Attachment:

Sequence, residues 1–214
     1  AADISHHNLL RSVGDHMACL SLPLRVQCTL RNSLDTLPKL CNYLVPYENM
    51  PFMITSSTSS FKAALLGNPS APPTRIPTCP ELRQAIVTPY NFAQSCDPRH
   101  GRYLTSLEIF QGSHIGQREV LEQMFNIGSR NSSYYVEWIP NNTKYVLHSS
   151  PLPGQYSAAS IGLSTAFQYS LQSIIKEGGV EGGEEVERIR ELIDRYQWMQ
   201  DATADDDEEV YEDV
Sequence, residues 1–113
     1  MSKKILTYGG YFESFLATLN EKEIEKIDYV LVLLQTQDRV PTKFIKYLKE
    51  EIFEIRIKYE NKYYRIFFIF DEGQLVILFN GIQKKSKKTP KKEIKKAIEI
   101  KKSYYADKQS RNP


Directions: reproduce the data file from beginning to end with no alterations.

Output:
Sequence, residues 1–214
     1  AADISHHNLL RSVGDHMACL SLPLRVQCTL RNSLDTLPKL CNYLVPYENM
    51  PFMITSSTSS FKAALLGNPS APPTRIPTCP ELRQAIVTPY NFAQSCDPRH
   101  GRYLTSLEIF QGSHIGQREV LEQMFNIGSR NSSYYVEWIP NNTKYVLHSS
   151  PLPGQYSAAS IGLSTAFQYS LQSIIKEGGV EGGEEVERIR ELIDRYQWMQ
   201  DATADDDEEV YEDV
Sequence, residues 1–113
     1  MSKKILTYGG YFESFLATLN EKEIEKIDYV LVLLQTQDRV PTKFIKYLKE
    51  EIFEIRIKYE NKYYRIFFIF DEGQLVILFN GIQKKSKKTP KKEIKKAIEI
   101  KKSYYADKQS RNP